A. The ancient Egyptians mummified people to preserve the body. They believed that the presentation of the body was important so that this person could continue to exist in the afterlife. They also placed food and objects in the tomb near the mummy to provide for survival of the body and soul of the person. A sarcophagus was a rectangular box which held the mummy.

Q. What about the pyramids?

A. The first Egyptian tombs were rectangular brick structures with an underground chamber where kings and important people were buried and a separate, above ground chamber for mortuary rituals. These structures later developed into pyramids. Pyramids were only made for royalty, like the pharaoh. Later on the construction of pyramids was stopped and pharaohs were again buried in underground tombs.

The main function of the gods was to protect humankind against the forces of chaos.

Q. What is maat?

The concept of maat, the embodiment of truth and the universal balance of the universe, was central to Egyptian religion and thought.

The goddess Ma’at or Maat (also spelled Mayet) was “the personification of truth, justice, and the cosmic order.”

“This sense of order intertwined all aspects of correct daily behavior and thought with cosmic order and harmony. Individuals were personally responsible for the maintenance of the universal order. If one transgressed against the forces of order, chaos–a state antithetical to everything the Egyptians knew and valued–would ensue and in this frightening realm, the sun would not rise, the Nile would not flood, crops would not grow, and children would abandon their elderly parents.” from "Religion in the Lives of Ancient Egyptians " by Emily Teeter, available at

Photograph of relief of several of the major gods and goddesses in the Sun Court of Ramesses II at Luxor Temple at night. Luke Hollis, 2022.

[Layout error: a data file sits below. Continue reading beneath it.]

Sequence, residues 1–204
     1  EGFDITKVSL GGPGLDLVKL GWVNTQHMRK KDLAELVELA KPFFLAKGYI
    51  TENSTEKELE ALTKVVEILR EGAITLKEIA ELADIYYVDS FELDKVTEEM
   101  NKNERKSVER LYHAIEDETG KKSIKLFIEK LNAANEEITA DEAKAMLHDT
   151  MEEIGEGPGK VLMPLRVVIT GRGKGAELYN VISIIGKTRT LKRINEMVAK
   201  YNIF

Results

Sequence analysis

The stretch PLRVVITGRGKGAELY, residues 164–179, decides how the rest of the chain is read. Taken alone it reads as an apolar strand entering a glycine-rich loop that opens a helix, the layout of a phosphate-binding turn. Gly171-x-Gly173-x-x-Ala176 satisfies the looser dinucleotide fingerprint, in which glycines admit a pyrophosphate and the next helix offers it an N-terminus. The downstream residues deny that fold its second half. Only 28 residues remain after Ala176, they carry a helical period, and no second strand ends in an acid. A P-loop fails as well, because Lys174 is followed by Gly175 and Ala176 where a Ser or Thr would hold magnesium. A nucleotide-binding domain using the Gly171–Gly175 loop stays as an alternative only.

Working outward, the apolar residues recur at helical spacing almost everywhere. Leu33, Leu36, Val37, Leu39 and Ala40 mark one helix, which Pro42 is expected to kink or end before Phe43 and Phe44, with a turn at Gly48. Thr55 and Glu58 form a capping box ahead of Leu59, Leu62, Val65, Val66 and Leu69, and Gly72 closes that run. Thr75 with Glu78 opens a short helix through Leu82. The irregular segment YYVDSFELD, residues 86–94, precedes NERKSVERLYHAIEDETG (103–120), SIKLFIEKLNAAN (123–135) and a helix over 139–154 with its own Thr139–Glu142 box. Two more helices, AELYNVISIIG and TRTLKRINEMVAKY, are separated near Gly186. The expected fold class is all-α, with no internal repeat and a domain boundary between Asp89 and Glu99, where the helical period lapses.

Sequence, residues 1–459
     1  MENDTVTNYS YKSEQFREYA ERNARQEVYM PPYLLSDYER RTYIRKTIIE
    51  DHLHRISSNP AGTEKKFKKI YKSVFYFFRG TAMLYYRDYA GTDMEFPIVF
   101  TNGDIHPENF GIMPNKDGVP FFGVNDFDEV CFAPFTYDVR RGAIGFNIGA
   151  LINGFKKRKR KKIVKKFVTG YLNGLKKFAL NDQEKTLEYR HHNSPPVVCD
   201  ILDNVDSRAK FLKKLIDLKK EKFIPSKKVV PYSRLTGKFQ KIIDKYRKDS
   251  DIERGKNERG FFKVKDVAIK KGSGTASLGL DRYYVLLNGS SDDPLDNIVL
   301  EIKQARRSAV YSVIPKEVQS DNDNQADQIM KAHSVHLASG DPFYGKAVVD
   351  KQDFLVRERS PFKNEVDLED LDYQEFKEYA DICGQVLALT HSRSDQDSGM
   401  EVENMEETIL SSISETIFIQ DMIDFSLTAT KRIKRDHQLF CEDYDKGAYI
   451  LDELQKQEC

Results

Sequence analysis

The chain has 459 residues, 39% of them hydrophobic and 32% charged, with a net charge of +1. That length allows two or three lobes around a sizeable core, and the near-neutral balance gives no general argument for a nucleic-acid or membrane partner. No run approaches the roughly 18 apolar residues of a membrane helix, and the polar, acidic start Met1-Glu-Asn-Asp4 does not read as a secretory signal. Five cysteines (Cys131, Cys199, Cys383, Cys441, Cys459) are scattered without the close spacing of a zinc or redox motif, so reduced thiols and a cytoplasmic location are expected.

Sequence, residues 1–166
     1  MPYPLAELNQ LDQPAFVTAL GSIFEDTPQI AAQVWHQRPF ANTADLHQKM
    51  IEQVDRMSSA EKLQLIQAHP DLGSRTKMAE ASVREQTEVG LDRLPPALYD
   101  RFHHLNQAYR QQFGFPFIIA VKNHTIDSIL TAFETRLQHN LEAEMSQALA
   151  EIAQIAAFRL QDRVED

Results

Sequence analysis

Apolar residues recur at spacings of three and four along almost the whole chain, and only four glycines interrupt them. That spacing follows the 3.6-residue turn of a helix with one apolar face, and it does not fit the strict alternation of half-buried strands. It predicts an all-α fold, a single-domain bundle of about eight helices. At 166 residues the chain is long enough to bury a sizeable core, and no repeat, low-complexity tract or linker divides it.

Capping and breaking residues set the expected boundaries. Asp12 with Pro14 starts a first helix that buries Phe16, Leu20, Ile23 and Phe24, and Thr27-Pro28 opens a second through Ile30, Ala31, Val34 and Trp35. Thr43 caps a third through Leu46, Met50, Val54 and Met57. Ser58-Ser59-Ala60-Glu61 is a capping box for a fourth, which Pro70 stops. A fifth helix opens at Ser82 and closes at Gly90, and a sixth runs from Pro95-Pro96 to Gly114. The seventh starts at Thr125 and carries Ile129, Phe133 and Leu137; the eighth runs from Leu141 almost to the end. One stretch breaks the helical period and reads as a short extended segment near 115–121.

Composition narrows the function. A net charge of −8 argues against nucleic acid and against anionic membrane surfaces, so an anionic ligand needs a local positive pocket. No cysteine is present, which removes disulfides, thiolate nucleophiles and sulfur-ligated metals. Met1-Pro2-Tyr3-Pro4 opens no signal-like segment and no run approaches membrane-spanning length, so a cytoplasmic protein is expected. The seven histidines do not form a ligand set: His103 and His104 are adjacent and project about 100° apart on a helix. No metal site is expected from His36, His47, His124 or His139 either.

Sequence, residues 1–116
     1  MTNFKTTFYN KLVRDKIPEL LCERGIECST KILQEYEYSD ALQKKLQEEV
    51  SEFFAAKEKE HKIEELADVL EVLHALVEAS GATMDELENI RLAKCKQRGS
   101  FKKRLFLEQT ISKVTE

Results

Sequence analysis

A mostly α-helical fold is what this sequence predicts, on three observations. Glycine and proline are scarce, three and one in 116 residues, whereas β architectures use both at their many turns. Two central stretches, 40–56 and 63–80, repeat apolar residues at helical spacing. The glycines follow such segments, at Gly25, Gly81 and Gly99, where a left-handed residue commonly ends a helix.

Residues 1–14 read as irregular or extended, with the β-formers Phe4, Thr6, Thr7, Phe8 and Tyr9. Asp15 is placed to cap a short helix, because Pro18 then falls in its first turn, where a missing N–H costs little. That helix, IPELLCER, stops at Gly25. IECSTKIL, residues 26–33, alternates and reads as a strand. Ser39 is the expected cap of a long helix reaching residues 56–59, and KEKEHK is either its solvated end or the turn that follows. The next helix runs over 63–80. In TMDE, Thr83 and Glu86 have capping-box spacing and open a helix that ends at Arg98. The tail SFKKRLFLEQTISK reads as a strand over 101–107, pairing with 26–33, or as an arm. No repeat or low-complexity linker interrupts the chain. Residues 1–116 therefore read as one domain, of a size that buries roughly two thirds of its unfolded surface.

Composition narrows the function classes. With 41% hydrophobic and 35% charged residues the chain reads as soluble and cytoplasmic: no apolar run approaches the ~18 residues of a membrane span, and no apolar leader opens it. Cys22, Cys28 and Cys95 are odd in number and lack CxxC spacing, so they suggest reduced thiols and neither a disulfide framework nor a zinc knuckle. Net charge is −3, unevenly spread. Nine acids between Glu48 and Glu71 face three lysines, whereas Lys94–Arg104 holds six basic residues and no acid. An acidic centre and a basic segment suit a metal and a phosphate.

A List of Some Major Egyptian Gods and Goddesses

To become more familiar with some of the deities that you'll see on the walls of Luxor Temple, here's a list of some of the most important Egyptian gods and goddesses. The names and relationships and their associations changed over time.

Amon (Amun) was a god of the air. He was usually shown as a man wearing a crown with two vertical bird feathers. His animal symbols were the ram and the goose. In a form merged with the sun god, Re, Amon became the most powerful god in Egypt during a period of Egyptian history.

Osiris was one of Egypt’s most important gods and was the god of the underworld. He also symbolized death, resurrection and the cycle of the floods on the Nile river.

Isis was the most important goddess. She was the wife of Osiris and she represented the traditional Egyptian virtues of a wife and mother. She was one of the gods who dealt with religious ceremonies for the dead.

Horus was a sky god who was portrayed as a falcon or as a man with a falcon’s head. He was associated with war and hunting. He was believed to be the son of Isis and Osiris.

Ra was one of several gods associated with the sun. Ra was usually represented as a human body and the head of a hawk.

Set was the god of chaos, violence, deserts, and storms. He is usually depicted as an animal or as a human with the head of an animal. This head is portrayed as having a long snout (nose) and long ears and the animal body is a thin dog-like body with a straight tail.

Ptah seems to have been associated with craftsmen and builders and was worshiped at Memphis in Egypt along with his wife, the lion-headed goddess Skhmet and the god Nefertem, who may have been their son.

Montu was a god of war, represented by a man with a falcon’s head and a rearing cobra on his forehead.

Bes was the god of pleasure and protector of women in childbirth and children, shown full face instead of in profile, so that he could drive off evil.

Khnum was the god of fertility, associated with water and procreation, represented as a ram with horizontal, twisting horns.

Hathor was a goddess who embodied motherhood and fertility. She was usually shown as a cow, as a woman with the head of a cow, or as a woman with cow’s ears.

Anubis was associated with funeral-type rituals and care of the dead. He was usually shown as a jackal or as a man with the head of a jackal.

Thoth was the god of writing and wisdom. He could be shown as a baboon, an ibis, or as a man with the head of an ibis.

Bastet was a cat goddess and was shown originally as a woman with the head of a lion or wild cat. Later on she was shown as a domestic cat. She was associated with Artemis, the Greek goddess, the divine hunter and goddess of the moon.

Ma’at was the goddess of truth, justice, balance, and most importantly, order. She was shown as a woman with an ostrich feather on her head and sometimes with wings.